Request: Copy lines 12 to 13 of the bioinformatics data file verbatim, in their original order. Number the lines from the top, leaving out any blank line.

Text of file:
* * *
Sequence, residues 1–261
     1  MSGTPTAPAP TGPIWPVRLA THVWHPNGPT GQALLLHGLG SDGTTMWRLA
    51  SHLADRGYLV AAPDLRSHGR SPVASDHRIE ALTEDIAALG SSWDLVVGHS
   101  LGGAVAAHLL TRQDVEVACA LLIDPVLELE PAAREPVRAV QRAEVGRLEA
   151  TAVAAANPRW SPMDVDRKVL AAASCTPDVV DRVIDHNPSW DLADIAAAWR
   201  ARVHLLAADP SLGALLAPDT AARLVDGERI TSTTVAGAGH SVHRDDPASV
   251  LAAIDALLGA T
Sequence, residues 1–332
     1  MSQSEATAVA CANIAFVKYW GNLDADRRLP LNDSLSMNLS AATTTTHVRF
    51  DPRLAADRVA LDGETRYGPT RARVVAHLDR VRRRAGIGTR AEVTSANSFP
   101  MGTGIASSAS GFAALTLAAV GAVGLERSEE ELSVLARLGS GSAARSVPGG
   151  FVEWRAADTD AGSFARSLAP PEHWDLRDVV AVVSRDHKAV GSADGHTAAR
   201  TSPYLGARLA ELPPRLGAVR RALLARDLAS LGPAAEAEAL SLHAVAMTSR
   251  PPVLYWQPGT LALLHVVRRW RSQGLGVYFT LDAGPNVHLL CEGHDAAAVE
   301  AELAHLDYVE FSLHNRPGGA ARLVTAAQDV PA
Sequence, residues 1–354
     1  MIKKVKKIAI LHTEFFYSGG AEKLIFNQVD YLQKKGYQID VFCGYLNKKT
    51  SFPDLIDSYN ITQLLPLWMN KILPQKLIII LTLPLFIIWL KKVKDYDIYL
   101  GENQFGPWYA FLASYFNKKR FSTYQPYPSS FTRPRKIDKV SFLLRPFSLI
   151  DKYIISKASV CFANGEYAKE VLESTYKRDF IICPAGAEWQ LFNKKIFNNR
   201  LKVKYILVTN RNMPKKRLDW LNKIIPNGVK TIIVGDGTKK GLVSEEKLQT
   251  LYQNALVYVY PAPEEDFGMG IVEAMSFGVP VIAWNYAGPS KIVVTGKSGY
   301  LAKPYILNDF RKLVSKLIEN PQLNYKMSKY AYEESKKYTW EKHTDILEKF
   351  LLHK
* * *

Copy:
   151  FVEWRAADTD AGSFARSLAP PEHWDLRDVV AVVSRDHKAV GSADGHTAAR
   201  TSPYLGARLA ELPPRLGAVR RALLARDLAS LGPAAEAEAL SLHAVAMTSR